Whatever the reasons for Colorado's horrifying reputation, if you want evidence of this state's connection to the macabre, you need look no further than the four — count ’em, four—horror-related festivals this fall alone. The Colorado Festival of Horror scared up a crowd just a few weeks back; the Mile High Horror Film Festival went online last week for its 2021 fest, which ends October 13; the Telluride Horror Show showcases the spooks October 15 through 17; and BruceFest, a horror-focused celebration of the good and gory works of actor Bruce “Evil Dead” Campbell, is getting groovy at the super-haunted Stanley from November 12 to 14.
Even horror master Stephen King has sort of adopted Colorado as his second home — a distant second, granted, after his home state of Maine. He lived in Boulder for a very short time, famously wrote The Shining after staying at the Stanley Hotel (though he was only there one night and reportedly didn’t go nuts with an ax). His books The Stand and Misery are also set in Colorado, and his Shining followup, Dr. Sleep, has its conclusive showdown here, too.
And King certainly isn't the only horror author writing in and about Colorado. We reached out to some of our favorite local purveyors of the genre to ask about how our shared and spooky state plays into their fiction —and their fears.
"Colorado is a destination of choice for river rafting, mountain climbing, winter sports and, of course, recreational cannabis. No wonder people flock here for vacation. With so much wonderfulness, what a great venue for horror. Remember, the brightest light casts the darkest shadow," says Acevedo, author of The Nymphos of Rocky Flats.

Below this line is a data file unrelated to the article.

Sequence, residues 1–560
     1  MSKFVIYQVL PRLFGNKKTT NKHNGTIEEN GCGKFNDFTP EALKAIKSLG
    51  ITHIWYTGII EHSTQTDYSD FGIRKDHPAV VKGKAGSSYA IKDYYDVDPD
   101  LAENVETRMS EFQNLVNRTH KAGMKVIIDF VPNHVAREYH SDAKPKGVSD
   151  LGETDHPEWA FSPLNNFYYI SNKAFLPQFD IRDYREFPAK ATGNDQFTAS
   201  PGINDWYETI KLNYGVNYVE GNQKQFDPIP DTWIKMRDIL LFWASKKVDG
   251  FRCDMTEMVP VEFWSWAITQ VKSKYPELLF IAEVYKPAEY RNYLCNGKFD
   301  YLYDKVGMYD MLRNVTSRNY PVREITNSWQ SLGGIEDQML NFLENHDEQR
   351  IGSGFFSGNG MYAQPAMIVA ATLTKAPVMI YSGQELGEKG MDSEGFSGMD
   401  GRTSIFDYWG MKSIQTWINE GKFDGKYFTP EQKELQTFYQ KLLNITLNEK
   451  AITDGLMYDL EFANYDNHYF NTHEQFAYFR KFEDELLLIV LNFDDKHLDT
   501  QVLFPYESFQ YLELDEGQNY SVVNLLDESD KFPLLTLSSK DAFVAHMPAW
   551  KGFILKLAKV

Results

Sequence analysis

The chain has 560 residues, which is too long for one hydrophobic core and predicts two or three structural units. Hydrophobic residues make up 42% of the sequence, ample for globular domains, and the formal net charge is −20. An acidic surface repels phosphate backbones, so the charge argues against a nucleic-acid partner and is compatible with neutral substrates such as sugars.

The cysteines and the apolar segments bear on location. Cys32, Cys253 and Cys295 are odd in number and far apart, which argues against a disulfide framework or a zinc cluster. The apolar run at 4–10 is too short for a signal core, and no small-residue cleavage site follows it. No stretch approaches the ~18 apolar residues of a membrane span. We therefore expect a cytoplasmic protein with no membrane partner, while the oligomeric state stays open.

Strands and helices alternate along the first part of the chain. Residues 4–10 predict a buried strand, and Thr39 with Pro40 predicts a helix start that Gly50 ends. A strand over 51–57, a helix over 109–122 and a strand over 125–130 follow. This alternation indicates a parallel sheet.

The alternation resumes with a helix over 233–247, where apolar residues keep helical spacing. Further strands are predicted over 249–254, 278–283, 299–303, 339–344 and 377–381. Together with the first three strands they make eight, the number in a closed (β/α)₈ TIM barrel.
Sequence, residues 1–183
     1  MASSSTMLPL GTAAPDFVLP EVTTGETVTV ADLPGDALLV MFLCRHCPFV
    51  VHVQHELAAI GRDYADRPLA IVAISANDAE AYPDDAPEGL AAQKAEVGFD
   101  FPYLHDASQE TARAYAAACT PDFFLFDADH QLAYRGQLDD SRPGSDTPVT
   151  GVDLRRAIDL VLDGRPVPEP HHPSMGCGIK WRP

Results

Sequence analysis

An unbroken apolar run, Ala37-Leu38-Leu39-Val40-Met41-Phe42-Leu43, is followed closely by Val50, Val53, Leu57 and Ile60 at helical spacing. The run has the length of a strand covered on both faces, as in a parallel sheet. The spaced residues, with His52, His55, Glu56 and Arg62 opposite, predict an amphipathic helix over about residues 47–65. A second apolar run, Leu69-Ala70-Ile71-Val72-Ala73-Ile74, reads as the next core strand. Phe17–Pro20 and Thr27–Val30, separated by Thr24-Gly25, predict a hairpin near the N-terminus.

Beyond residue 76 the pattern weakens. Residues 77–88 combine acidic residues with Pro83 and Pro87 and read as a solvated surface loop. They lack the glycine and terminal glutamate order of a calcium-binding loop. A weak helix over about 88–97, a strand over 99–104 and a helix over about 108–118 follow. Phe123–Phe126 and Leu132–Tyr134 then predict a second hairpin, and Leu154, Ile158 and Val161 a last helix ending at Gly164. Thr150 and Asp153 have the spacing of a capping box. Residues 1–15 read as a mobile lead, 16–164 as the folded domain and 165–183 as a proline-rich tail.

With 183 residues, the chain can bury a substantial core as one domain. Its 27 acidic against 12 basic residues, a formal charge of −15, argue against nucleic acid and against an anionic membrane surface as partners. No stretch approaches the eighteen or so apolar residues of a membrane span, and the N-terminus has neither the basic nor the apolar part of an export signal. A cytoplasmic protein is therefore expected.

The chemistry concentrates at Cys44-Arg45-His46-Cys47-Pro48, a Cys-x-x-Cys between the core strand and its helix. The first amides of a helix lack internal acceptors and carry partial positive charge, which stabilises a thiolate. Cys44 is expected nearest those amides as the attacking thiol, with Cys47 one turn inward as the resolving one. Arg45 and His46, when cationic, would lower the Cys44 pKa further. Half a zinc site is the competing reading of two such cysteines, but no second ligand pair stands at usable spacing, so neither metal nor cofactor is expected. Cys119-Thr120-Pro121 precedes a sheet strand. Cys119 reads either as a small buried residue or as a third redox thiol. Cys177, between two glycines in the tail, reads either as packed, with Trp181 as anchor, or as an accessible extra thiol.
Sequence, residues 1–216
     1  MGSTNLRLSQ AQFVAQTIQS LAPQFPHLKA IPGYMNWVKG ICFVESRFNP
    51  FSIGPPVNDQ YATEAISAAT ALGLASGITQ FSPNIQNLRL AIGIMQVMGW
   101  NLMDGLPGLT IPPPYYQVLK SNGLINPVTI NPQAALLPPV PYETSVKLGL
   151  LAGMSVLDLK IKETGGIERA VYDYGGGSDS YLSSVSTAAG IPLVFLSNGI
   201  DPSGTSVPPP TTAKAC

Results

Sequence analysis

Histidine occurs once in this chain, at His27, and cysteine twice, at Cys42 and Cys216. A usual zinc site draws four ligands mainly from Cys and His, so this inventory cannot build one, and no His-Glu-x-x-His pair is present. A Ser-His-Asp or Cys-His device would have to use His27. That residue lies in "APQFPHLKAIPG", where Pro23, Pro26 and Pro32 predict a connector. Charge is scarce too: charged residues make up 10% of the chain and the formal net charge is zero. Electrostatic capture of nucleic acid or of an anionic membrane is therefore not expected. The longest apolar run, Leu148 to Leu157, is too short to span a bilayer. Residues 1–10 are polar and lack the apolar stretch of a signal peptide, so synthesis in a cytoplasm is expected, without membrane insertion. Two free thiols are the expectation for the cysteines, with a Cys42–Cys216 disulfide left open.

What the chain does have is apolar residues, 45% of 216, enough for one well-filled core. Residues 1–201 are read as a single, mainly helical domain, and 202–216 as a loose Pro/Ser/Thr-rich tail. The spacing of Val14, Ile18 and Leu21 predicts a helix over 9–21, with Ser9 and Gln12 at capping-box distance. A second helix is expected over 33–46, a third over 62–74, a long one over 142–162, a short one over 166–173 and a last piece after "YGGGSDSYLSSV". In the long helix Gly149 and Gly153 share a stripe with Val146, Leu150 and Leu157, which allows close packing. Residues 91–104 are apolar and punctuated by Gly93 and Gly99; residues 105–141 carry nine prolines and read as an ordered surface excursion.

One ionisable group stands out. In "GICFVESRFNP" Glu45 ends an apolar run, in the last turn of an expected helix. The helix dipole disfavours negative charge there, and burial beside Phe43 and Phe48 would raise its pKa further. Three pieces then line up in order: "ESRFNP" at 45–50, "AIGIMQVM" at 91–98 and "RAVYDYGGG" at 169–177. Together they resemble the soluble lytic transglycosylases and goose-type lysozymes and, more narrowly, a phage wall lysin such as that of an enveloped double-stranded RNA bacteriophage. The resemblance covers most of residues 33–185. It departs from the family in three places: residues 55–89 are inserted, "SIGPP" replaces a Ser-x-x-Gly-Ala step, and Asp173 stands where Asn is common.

"From the earliest days, Colorado has seen its share of gruesome massacres. The very first airliner blown out of the sky took off from Denver and crashed near Longmont. William Lee Neal duct-taped his victims to a chair and slaughtered them with a maul so violently that a survivor said the blood sloshed out of their brain pans. Compared with such true acts of depraved inhumanity, it seems that life has outdone the most wicked schemes slithering from our literary imaginations. We Colorado horror writers have our work cut out if we want to shock our readers. And I’m proud to say, given the chance, we do succeed."
Anyway, as I finished up my research, or whatever the hell I was doing, this old man with a thick white beard appeared out of nowhere. In his left hand, he held a leather-bound book — I’m pretty sure it was a Bible. In his right hand, he held a rifle. He looked at me, shook his head, and in a raspy voice said, “Fear the Lord.” Then he returned from wherever he’d come from. I figured there was a story to be told….," recalls Jon Bassoff, author of Captain Clive's Dreamworld.